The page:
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  • Irrational Devotions
  • David Holub (bio)
Busy Monsters. William Giraldi. Norton. 282 pages; cloth, $24.95; paper, $15.95.

If love were rational, we wouldn't be here right now. If love were rational, we wouldn't kill for it, cry over it, and lie in the name of it. The irrationality of love is why you choose him or her or that despite those-who-loved-you-first saying no, no, no. That irrationality is what makes love messy and blissful and unsolvable and intoxicating. And it is precisely what ails Charles Homar, the protagonist extraordinaire in William Giraldi's debut novel, Busy Monsters.

Homar, a "memoirist of mediocre fame" whose weekly column appears nationally, is clear from the start: his passion, his everything-I-ever-wanted is his soon-to-be-bride, Gillian. Gillian, however, splits in search of her first love, the mythical giant squid, accompanying a "big-shot squid hunter," no less. The love lost, coupled with suspicions of romantic shenanigans between captain and first mate, reduces Homar to a "lovesick numbskull with a hacked-up heart." Just as Gillian must chase her passion, so shall Charles Homar, who, writing dispatches along the way, zig-zags the country with schemes to retrieve Gillian and soothe his brokenness, seeking redemption and negotiating passionate madness—both his and others'—at every turn.

In fact, most of the lives in Busy Monsters are overrun with passions and loves that are far from rational, those kinds of devotions that make others, the sane ones of course, scratch their heads and ponder the degree of craziness standing before them. There are the recognizable (a wife and her curmudgeon husband, a son longing for the affection of his indignant father) and the not-so-recognizable (bigfoot hunters, UFO watchers, Loch Ness scholars), all chasing their monsters, however unattainable they are, or precisely because of their unattainability.

At the heart of Busy Monsters is Homar's brilliance, humanity, and understanding. At least twice Homar utters the sentiment, "Men, it's true, are not made well," and it might be his best self-characterization. Men, yes. Especially this one, as Homar is gracefully flawed, sometimes broken, seldom whole, every bit wise as he is clumsy and as much self-assured as he is tentative. Ruminating on advice he's received,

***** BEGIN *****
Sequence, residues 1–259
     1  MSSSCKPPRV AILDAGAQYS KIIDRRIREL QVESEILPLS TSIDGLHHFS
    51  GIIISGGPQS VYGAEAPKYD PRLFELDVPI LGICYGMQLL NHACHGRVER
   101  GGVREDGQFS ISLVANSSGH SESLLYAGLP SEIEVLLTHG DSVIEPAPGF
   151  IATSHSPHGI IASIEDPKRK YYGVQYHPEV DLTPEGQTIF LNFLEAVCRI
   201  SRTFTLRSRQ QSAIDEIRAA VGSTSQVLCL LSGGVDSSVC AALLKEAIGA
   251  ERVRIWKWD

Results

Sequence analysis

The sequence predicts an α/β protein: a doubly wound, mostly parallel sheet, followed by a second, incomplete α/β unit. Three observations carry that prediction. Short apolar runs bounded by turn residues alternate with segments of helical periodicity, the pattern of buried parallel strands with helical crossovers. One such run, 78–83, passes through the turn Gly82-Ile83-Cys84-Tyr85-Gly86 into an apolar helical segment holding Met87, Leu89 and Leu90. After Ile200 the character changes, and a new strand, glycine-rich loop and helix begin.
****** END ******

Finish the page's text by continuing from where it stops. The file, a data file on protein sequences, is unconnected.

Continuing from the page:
[M]ost men and women will stumble along to an internal tune that offers no nexus even to half-thawed logic; we will do what we will do and allow our unwanted saga to play out in whatever way it will, hoping for a conquest without any discernable way to achieve it. ... We have no answers to the bile boiling in the hearts of others because we have no answers to our own.

Homar is a giant in his multifariousness, a gushing-blood romantic whose longing infiltrates every sentence. He's made of bits and pieces of everyone you've ever known, with equal ability to deliver a haymaker as he is to weep before a burly gas station attendant, which is perhaps why you plain like him so much.

The absurdity Homar encounters during his travels (re: a body builder's invitation to a ménage à quatre with two porcelain "Asiatic scholar-slaves") keeps Giraldi's story moving, providing plenty of farcical fodder for Homar's memoirs. Fanning Homar's fiery altercations at every stop is Giraldi's entertaining and effective device of Homar-as-memoirist. As readers of Giraldi's Busy Monsters lap up Homar's yarns, it becomes clear that so too has everyone else living in Homar's world, thanks to the nothing-withheld approach to his weekly column. Homar's escapades and the novel itself benefit from a self-awareness, as everyone is essentially inside Homar's head. Knowing his business, they never miss an opportunity to weigh in, often finding fault in his affairs or offended at his characterizations. While creating a stage for plenty of blisteringly funny, Curb Your Enthusiasm-style altercations, the device also allows Homar to reflect organically, to contextualize and analyze past, present, and future, which is where Homar breathes and Giraldi seems ravenously comfortable.

What makes Giraldi's enormous characters...


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